What Prince Harry and Meghan Markle can teach us about setting boundaries with family


On Wednesday January 9th 2020, their Royal Highnesses, The Duke and Duchess of Sussex, AKA Prince Harry and Meghan Markle announced their plans to step down as senior members of the Royal Family and move to North America.  While I am not an avid follower of the happenings of the Royal family, it was hard not to take notice of the impact of this decision.  The British Royal Family has been a symbol of pride and tradition for many, many years.  The pomp and circumstance around Royal weddings and royal births have become major news even here across the pond. 

The Duke and Duchess of Sussex got married on May 18, 2018 and welcomed their first child into the world on May 9, 2019.  Since that time, there have been rumors of discord within the family and much discontent with Harry regarding the treatment of his wife.  We may never know what happened behind the scenes and whether some of the tension is related to the Duchess’s African American roots, but as of yesterday, we do know that Prince Harry had to make what was probably one of the most difficult decisions of his life.  He and his wife made a decision to walk away from the expectations of one of the richest, most powerful and most influential families in the world.


As a Marriage and Family therapist for over a decade, I can say that a person’s inability to set healthy boundaries with family members is often a major source of anxiety and depression. So many people are living lives that were not designed by them, for the sake of making others feel good. We are raised to believe that family is everything and that blood is thicker than water.  That pretty much translates to, no matter how abusive, toxic, or dysfunctional a family may be, loyalty trumps personal wellbeing. Regardless of the type of family we come from, as adults we all seem to struggle with making decisions for our own best interest if we think those decisions will hurt, disappoint, or displease the people we care about.  It doesn’t matter if there was legitimate abuse or if you have a controlling mother or critical father, setting boundaries is hard!  

Boundaries are the emotional or physical space that we create between ourselves and others.  This space is created as a way to show people how we expect to be treated within the relationship.  Setting boundaries can ensure that relationships are mutually respectful, caring and appropriate. On paper, boundaries sound amazing! The rub happens due to the fact that everyone has a different idea of what the boundaries of a relationship should be and a different viewpoint on how you should operate in your life.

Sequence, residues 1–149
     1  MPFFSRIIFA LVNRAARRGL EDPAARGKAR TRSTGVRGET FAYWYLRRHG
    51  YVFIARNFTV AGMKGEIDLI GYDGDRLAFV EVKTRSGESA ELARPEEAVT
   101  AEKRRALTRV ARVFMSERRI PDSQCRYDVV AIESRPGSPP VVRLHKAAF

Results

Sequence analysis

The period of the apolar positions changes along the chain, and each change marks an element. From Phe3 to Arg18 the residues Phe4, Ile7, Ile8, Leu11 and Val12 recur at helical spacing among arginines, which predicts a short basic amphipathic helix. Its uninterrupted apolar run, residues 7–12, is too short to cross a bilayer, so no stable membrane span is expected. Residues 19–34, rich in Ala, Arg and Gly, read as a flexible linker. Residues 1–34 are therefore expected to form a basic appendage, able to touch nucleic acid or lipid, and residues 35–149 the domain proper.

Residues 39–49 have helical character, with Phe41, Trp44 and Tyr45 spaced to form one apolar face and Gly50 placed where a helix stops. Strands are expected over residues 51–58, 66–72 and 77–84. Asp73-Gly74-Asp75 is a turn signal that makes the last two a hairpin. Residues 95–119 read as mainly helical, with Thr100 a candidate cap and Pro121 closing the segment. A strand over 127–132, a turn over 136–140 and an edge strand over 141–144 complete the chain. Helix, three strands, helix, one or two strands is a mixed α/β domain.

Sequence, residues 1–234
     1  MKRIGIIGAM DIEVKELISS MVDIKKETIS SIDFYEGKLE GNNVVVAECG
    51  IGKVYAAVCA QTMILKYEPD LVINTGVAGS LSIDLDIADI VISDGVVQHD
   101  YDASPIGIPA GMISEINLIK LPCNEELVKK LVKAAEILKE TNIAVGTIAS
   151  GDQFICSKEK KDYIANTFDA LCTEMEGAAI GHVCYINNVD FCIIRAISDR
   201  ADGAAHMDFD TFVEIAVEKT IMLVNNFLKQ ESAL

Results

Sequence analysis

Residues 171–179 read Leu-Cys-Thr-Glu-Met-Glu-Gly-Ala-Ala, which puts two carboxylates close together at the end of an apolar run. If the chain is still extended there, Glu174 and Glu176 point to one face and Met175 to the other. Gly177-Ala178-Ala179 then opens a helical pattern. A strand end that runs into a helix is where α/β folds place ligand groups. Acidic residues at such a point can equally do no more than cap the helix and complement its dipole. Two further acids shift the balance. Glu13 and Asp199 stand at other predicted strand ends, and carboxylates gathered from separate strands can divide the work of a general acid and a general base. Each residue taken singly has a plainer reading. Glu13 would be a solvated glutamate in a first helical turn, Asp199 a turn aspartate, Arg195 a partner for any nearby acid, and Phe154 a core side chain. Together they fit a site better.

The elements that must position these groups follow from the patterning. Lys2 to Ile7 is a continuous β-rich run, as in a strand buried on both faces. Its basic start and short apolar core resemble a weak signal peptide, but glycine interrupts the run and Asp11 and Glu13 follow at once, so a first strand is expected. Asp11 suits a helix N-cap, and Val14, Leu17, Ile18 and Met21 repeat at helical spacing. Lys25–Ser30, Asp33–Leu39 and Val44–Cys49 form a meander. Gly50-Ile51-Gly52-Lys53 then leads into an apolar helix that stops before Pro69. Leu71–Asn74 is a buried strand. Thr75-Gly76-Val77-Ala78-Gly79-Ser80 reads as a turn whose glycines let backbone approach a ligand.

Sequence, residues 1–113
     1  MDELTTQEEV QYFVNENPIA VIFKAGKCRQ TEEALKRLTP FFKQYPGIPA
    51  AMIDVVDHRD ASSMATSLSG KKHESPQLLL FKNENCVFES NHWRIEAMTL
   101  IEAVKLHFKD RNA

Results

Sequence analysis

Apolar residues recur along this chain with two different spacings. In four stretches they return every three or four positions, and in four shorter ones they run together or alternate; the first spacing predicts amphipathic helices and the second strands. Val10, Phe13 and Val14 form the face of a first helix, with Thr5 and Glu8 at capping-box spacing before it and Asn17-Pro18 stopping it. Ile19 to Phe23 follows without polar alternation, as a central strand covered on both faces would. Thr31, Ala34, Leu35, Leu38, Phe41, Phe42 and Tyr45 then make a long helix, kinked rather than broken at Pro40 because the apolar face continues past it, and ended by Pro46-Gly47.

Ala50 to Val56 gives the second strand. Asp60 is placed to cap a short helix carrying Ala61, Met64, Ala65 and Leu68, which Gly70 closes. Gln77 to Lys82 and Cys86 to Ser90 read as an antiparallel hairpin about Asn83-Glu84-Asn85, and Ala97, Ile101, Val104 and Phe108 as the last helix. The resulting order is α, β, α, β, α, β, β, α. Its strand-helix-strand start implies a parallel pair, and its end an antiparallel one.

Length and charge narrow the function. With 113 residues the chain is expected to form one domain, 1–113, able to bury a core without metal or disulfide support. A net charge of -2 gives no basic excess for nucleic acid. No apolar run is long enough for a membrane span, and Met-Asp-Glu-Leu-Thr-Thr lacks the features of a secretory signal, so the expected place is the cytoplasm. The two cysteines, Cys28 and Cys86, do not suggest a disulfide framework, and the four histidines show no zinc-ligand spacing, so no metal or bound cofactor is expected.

The relationship between adult child and parent is a breeding ground for mix-matched expectations and boundary violations. Telling your family you aren’t going to Thanksgiving dinner because you want to spend time with the family of a close friend may seem unacceptable in some homes.  Asking your critical father to refrain from speaking negatively about your decision to leave a secure job and start your own business can be viewed as downright disrespectful, while telling your powerful traditional British grandmother that you are stepping down from the duties you have been groomed for since birth is world news! The journey to forge ahead in your life and make the decisions necessary for your own wellbeing are not always smiled upon, but it is the only way to live the life that was meant for you.

Regardless of how you feel about Prince Harry and Meghan Markle’s decision, even if you don’t care at all, they are a real-life example of the courage that it takes to decide to live a life of your choosing.  They have verbalized love of their family and the monarchy as well as love for their newly created union and their freedom. Setting boundaries with families has the ability to end generational toxicity. I applaud the Duke and Duchess for answering their call to courage and doing the uncomfortable work of living in their truth. I urge you to self-reflect and see if there are areas in your own life where resentment is building because you haven’t been able to set the limits necessary for your own mental, physical, and spiritual wellbeing.  I acknowledge that for some this may seem like an impossible task, but I know with the right support that it can be done.  The freedom that is felt is most often worth the discomfort and in most cases the family members that you think will never speak to you again, in time learn to love you for the person you are, not the person they wanted you to be. 

Saudia Turney, MA, LMFT- Supervisor is the co owner of the Friendswood Center for Couples and Families. She has been in practice for 10 years and works with Adults, Couples, and older teens in Friendswood, Texas and the surrounding areas.